"The Simpsons and Philosophy" is a collection of essays written by different authors that vary in quality and style. The thrust is the introduction of aspects of philosophy through an analysis of the characters and stories in "The Simpsons." In this regard the book is mostly interesting and informative. A big chunk of it (Part II and much of Part IV) wasn't philosophy at all, but rather "literary" criticism that I didn't much care for -- the worst essay in the collection being the Marxist hissy-fit. Moreover, despite disclaimers throughout the text, there was an assumption of intent on the part of the script writers that, by listening to the voice-overs on the DVDs, one finds isn't really there.
For all the above, I would have rated this book 3 stars. However, the essay "The Function of Fiction" was outstanding and worth the price of the book alone. This essay spent a lot of time away from the Simpsons in particular, but ultimately gave the best argument why the show is so great.
For readers looking for a light read about their favorite show, this book isn't the place to go. But for people who love the Simpsons on all its levels, this book has its place.
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Format: Paperback
Any true Simpsons fan will recognize that as tribute to Ralph Wiggum's "Me fail english? That's unpossible!" line. Reading The D'oh of Homer, you will recognize the subtle humor that has become a trademark of the series. The book is split into essays covering a goodly range of topics, each of which reference specific Simpsons episodes and characters to make their arguments.
Largely unpretentious and entertaining as philosophy can probably get is the deal here. An inadvertant plus to this book is that the reader can see philosophic models thousands of years old implented into modern day situations via the Simpsons episodes they know so well. Philosophies of government, religion, and humanity are displayed here, along with subjects that don't get much play elsewhere, such as American anti-intelletualism and the parody. If you are a regular watcher of the Simpsons, chances are you already have the subject material committed to heart; this book reveals the school of thought behind the more profound concepts of the show.
All in all, this book is definitely worth a look. Check it out.
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Format: Paperback
Yes, it takes a great mind to dream of such things as the categorical imperative, the examined life, the superman (not Clark Kent), and the virtuous mean. But it takes a different kind of genius to take those great ideas and find them in contemporary entertainment. Now, don't pick this book up expecting the next big thing in philosophy, but instead pick it up to see how real the pre-existing ideas are as we see them incorporated in our favorite characters. The Simpsons has always been meaningful, which is a rare, though certainly not unseen, quality in today's culture. But the great thing is that this book touches on many aspects of that meaning that we might not have noticed. Although some essays are a bit dry, most of them really hit the spot. Homer and Marge are examined for Aristotelian virtue; Bart is revealed to be the antithesis of the Nietzschean ideal in an essay that at first tries to prove the opposite; and the population of Springfield is looked at from a Kantian and from a Marxist point of view, among others. If you're a Simpsons fan, this book will heighten your enjoyment. If you're one of those people who don't "get" philosophy and want to know more, this book is an ideal introduction. Enjoy!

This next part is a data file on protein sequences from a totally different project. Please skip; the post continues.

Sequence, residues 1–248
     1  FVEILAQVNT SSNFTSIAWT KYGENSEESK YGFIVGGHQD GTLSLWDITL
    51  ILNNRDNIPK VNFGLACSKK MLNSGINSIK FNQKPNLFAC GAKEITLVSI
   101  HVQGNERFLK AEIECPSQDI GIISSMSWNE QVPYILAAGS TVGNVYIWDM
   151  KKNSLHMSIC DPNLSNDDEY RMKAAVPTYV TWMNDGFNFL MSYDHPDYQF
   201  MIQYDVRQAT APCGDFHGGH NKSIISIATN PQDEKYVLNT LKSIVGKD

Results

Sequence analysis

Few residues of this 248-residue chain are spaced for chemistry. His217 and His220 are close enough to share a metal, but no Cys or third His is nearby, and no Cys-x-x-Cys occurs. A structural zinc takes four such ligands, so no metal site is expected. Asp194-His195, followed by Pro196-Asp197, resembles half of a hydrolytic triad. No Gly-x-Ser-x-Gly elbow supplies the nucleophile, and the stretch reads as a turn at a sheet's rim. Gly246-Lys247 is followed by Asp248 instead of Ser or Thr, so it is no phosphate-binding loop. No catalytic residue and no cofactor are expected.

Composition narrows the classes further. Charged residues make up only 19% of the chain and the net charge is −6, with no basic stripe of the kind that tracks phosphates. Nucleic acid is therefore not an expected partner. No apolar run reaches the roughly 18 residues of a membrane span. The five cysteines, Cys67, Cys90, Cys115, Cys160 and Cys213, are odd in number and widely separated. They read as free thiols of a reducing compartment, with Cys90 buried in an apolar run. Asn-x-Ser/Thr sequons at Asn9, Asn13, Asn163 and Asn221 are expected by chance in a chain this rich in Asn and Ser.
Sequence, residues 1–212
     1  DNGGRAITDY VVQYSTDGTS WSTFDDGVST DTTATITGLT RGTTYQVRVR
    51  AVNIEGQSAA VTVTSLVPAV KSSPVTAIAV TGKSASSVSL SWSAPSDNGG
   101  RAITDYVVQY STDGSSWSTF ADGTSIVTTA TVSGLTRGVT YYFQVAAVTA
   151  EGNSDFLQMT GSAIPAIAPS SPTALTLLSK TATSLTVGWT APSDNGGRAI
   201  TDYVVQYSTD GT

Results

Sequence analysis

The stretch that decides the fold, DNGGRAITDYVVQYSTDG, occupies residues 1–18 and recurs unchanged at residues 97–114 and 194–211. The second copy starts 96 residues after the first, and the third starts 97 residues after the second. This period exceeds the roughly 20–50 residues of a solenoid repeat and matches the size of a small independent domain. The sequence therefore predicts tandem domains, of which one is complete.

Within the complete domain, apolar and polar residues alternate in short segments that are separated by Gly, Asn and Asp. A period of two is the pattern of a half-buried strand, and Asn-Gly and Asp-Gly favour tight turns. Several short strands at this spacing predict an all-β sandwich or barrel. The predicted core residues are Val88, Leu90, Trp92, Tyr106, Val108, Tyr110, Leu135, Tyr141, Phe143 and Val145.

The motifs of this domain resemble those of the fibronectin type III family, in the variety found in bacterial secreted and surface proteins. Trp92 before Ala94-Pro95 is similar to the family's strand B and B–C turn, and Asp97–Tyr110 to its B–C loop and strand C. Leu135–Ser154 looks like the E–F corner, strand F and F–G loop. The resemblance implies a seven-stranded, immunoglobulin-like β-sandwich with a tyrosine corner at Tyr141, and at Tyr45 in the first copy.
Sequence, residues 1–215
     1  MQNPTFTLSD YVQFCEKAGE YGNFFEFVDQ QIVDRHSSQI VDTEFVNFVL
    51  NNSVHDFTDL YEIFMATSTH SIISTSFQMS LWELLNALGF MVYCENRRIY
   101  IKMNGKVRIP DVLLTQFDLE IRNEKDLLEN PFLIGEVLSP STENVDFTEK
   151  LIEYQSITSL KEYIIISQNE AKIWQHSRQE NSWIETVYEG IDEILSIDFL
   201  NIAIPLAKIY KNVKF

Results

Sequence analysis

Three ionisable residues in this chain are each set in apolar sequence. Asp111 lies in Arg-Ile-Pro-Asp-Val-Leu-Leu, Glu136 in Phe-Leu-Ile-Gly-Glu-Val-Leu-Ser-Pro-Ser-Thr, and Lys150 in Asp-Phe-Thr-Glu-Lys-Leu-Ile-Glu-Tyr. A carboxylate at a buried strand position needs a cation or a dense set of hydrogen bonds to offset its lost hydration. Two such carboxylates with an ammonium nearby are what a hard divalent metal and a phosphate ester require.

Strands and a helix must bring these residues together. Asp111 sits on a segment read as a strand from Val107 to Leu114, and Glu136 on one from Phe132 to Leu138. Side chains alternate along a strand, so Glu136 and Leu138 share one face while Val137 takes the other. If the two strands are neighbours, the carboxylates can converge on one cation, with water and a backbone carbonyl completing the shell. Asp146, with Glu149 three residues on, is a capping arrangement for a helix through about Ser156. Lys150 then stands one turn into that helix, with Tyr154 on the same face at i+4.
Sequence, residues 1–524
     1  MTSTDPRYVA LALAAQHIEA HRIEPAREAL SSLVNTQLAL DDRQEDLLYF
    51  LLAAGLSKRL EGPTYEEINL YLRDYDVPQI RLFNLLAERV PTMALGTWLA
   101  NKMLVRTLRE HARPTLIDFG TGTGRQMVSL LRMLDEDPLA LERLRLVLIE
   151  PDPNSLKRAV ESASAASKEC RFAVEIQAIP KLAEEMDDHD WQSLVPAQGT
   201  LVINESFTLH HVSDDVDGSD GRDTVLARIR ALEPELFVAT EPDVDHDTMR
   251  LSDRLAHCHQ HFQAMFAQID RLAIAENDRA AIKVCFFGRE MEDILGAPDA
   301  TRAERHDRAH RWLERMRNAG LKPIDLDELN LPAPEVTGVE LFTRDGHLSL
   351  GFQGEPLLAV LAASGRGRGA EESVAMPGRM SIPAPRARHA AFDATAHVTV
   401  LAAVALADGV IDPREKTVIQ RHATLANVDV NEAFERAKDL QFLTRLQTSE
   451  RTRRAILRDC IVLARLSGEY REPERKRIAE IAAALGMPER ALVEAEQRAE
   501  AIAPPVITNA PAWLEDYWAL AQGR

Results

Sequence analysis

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Format: Paperback
I am a huge fan of the Simpsons, and had high hopes for this book. Unfortunately, it falls far short of my expectations. Slogging through the essays soon became a painful experience.
As an 11th grade AP English student, if I turned in essays of the caliber of the essays contained within this book, there is no way that I would pass the class. The writing of The Simpsons and Philosophy is extremely amateurish, with mistakes that every decent high school writer could avoid with ease.
In just one essay, by Deborah Knight, called Popular Parody: The Simpsons Meets the Crime Film, the author begins a paragraph with "You will remember how this episode goes." She then continues spends an entire 3 paragraphs summarizing the episode! Of course I remember how this episode goes, and I'm willing to bet that anyone that would spend [money] on a book about The Simpsons and philosophy has seen every episode. Simpsons fans are an obsessive bunch, and the authors, while no doubt intelligent, are obviously not true fans and do not understand the show. The summarization itself would not have been a huge problem, but there was not a single witty or clever idea interwoven into the bland retelling. From the same essay, the author writes "I probably don't have to spell out that this cereal exploits the name given to Jacqueline Kennedy Onassic.." You probably don't have to, but you did it anyway. ..Why? The essay contains amateurish mistakes such as starting sentences with "I think.." Obviously the author "thinks" this way or it wouldn't be an argument in her essay.. While seemingly simple mistakes, they begin adding up fast and detracting from the overall feel of the book. The essay by Mrs. Knight is just an example that I read soon before writing this review.